October 19, 2022

John Davis Publishes “Hope, Anger, and Engineering in a Reconstruction Landscape”

The landscape architecture professor’s paper examines the relationship between design and the desire for justice through a Reconstruction-era levee project.

Knowlton School Assistant Professor of Landscape Architecture John Davis has published “Hope, Anger, and Engineering in a Reconstruction Landscape” in Buildings & Landscapes: Journal of the Vernacular Architecture Forum.

In the years following the Civil War, a radical congressman conspired with the U.S. Army Corps of Engineers to undertake a massive levee project that would have created the largest freedpeople’s colony of the Reconstruction era. The project was never built, but the rhetoric around the federal infrastructure project illustrates the complex motivations behind attempts to redesign the American landscape after emancipation. The article concludes that an examination of the emotional motivations of both designers and the various “publics” that designed landscapes serve can illuminate the relationship between design and the desire for justice, and what role postwar actors imagined that the built environment could play in support of constructing a multiracial democracy.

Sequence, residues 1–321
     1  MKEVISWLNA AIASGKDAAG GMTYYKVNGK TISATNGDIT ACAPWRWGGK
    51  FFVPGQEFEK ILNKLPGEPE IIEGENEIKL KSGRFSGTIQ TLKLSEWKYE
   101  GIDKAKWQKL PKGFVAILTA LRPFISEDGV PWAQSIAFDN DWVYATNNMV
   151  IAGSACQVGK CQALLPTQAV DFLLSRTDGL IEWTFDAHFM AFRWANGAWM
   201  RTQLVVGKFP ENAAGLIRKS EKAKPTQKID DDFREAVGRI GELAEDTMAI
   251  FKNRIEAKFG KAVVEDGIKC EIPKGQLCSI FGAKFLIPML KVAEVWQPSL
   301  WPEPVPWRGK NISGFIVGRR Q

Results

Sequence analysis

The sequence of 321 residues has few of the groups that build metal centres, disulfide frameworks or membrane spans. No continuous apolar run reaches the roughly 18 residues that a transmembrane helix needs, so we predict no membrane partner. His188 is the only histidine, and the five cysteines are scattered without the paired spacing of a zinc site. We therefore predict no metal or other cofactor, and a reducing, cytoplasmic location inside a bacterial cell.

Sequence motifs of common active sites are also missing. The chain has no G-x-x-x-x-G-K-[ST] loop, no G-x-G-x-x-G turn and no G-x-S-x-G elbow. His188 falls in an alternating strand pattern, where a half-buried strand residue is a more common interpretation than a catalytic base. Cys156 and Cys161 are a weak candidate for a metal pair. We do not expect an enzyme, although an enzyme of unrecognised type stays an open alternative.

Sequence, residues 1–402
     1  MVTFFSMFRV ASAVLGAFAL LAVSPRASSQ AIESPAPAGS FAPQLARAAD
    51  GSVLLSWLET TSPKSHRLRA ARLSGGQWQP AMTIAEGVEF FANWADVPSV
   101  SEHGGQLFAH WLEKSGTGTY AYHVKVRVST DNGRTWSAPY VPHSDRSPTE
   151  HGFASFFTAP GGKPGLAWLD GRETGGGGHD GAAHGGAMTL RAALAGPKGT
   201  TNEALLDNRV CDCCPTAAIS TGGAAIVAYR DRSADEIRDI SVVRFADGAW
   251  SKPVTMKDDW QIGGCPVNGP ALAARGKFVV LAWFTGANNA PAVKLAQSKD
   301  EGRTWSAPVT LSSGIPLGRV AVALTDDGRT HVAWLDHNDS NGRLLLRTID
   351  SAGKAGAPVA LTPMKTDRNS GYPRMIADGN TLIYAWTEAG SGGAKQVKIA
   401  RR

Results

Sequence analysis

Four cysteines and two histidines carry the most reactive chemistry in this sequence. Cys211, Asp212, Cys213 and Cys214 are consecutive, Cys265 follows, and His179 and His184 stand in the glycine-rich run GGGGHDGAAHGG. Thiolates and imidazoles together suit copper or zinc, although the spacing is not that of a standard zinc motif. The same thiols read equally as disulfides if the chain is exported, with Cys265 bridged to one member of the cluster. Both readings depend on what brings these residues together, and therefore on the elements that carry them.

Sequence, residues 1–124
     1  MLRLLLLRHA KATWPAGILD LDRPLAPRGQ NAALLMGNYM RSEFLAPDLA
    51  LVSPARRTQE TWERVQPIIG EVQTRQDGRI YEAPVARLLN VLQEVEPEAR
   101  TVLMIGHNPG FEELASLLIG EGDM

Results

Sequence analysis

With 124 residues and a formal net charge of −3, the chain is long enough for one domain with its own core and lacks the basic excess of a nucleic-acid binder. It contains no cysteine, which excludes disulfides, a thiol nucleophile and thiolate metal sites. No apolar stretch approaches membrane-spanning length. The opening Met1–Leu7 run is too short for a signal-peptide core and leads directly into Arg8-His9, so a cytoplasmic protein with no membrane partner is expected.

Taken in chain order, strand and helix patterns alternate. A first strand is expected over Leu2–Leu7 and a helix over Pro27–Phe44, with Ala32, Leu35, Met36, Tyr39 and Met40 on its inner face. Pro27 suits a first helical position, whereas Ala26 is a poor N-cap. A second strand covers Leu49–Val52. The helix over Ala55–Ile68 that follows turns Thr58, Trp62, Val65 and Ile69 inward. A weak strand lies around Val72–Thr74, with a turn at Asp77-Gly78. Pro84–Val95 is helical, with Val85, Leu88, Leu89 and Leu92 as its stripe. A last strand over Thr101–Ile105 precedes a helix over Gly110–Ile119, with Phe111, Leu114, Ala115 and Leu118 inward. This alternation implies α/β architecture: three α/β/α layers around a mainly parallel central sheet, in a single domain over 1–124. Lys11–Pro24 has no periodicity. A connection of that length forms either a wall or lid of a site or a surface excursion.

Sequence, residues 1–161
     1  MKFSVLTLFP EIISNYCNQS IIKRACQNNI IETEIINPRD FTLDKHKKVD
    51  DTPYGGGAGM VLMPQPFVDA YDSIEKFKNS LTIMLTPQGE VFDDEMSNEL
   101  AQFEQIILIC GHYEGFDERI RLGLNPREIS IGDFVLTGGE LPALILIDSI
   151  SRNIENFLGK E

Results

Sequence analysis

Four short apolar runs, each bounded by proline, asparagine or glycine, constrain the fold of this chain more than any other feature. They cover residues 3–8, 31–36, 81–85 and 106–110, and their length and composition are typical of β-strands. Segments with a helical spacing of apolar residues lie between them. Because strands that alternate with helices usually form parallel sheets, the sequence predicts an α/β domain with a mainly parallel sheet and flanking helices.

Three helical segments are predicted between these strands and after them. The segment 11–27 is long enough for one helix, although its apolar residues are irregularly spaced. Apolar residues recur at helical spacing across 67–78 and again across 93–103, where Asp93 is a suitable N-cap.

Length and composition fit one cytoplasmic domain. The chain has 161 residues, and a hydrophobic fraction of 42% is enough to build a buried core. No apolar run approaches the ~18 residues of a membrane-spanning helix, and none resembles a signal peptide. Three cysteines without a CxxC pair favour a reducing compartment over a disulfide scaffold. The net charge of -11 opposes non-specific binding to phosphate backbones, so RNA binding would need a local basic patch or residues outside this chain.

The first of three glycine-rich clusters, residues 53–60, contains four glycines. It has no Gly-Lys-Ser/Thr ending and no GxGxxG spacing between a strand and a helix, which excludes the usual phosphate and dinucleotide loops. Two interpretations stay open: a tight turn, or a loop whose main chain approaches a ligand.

Read more at Buildings & Landscapes: Journal of the Vernacular Architecture Forum